In the line of fire: A deadly year for Iraqi journalists - Press Gazette

In the line of fire: A deadly year for Iraqi journalists

Iraqi journalist Ali Shafeya Al-Moussawi was found dead in his home on 14 December, bringing the total number of Iraqi journalists killed to 47 this year.

Al-Moussawi was a special correspondent for Alive in Baghdad, a website run by Small World News, which offers a series of short films about life in Iraq.

American journalist and film-maker Brian Conley worked with a small team of Iraqis, providing equipment and training for them to produce a short film every week documenting the lives of Iraqis in their own words. The site picked up a number of industry ‘Vloggie’awards last year.

A new journalist whose work had not yet been aired on the site, Al-Moussawi’s body was discovered by his cousin following a raid on his street by the Iraqi National Guard. According to a post on the Alive in Baghdad blog: ‘The morgue report says that Ali took 31 bullets between the chest and the head and died immediately.”

Al-Moussawi, who was 22, had lost two brothers in the Firdos Square bombing in Baghdad in 2005, and his father was kidnapped and killed. He is survived by his mother and sister, who are currently living in Syria and were dependent on Al-Moussawi.

Conley, who has since set up a similar project, Alive in Mexico, and has a team working in Syria, used Twitter to give updates of the death of Al-Moussawi.

One said: ‘Is it time to quit? We’re barely scraping by, not even making our costs, guys are getting killed. This is real. Maybe it’s time to close down?”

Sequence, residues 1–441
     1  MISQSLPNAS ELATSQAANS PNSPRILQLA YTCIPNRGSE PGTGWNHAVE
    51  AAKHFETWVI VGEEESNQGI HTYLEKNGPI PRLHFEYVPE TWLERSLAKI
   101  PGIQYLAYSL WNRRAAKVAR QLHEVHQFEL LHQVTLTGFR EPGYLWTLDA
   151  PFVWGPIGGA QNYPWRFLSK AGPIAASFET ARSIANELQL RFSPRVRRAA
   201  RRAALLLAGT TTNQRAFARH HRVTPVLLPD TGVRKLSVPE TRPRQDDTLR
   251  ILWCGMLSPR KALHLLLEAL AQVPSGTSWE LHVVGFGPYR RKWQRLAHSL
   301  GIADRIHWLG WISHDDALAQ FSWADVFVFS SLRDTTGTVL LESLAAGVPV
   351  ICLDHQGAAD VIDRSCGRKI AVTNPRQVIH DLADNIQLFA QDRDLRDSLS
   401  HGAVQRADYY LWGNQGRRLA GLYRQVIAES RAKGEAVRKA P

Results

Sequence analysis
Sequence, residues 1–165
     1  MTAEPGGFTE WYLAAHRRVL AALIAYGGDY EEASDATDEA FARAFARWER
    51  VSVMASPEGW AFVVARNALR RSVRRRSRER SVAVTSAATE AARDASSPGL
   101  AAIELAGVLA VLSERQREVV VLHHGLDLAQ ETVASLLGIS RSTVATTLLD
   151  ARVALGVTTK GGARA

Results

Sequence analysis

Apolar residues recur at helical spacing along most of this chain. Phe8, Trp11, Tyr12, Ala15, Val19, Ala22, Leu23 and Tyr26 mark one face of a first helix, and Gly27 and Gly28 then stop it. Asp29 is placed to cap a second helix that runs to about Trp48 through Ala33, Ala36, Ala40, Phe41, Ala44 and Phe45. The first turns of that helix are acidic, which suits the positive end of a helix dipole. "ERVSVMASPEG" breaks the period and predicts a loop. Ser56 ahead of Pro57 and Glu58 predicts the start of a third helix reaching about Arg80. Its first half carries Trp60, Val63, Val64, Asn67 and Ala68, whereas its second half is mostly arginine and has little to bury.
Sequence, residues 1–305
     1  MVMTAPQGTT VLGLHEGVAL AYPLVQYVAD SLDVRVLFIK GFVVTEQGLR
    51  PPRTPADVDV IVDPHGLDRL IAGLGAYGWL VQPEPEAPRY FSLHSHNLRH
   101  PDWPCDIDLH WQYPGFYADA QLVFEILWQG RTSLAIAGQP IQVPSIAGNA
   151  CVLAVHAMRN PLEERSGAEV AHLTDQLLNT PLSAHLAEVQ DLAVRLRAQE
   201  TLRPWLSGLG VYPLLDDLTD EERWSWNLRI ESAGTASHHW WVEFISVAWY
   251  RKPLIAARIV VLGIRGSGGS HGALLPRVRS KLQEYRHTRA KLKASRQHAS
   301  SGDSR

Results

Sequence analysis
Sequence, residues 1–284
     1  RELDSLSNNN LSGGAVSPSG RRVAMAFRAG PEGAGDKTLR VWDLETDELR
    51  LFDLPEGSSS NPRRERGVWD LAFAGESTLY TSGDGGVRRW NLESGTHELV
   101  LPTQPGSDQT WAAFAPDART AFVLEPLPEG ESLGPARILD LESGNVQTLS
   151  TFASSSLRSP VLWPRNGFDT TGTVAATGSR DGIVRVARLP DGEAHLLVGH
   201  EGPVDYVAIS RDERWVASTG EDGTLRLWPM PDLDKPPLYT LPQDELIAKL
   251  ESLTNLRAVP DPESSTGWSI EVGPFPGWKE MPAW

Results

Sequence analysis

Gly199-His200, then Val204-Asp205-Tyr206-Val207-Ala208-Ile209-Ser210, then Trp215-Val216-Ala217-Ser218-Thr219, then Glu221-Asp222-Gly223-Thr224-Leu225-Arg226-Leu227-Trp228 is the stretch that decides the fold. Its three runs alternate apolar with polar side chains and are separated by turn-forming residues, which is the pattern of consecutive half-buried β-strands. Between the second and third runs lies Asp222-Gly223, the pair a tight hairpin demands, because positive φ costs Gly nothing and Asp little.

At the time of his death, Al-Moussawi was working on an investigative assignment for Alive in Baghdad, but Conley wrote that he was ‘not 100 per cent sure’whether the assignment caused his death.

Alive in Baghdad, which itself is reliant on donations for its survival, has raised more than $900 (£450) for Al-Moussawi’s funeral and his family.

According to the Committee to Protect Journalists, of the 124 journalists killed in Iraq since the war began, more than 80 per cent have been Iraqi.

In October, Shehab Mohammed al-Hitti, a journalist working for Baghdad News, was found dead following his abduction on his way to work. Salih Saif Aldin, who was working for The Washington Post, was shot dead in the Iraqi capital.

May to September saw the highest number of deaths of Iraqi journalists. According to Reporters Without Borders, a total of 11 were killed in May and in the following month, nine journalists were killed, including Sahar Hussein Ali al-Haydari, a freelance reporter for the National Iraqi News Agency and Aswat al-Iraq, a correspondent for the Institute of War and Peace Reporting, who was shot as she left her home.

Five journalists were killed in July, including Khaled W Hassan, a journalist with the New York Times, who was shot and killed in Baghdad 24 hours after Namir Noor-Eldeene, an Iraqi photographer working for Reuters and his driver were killed by fire from a US helicopter.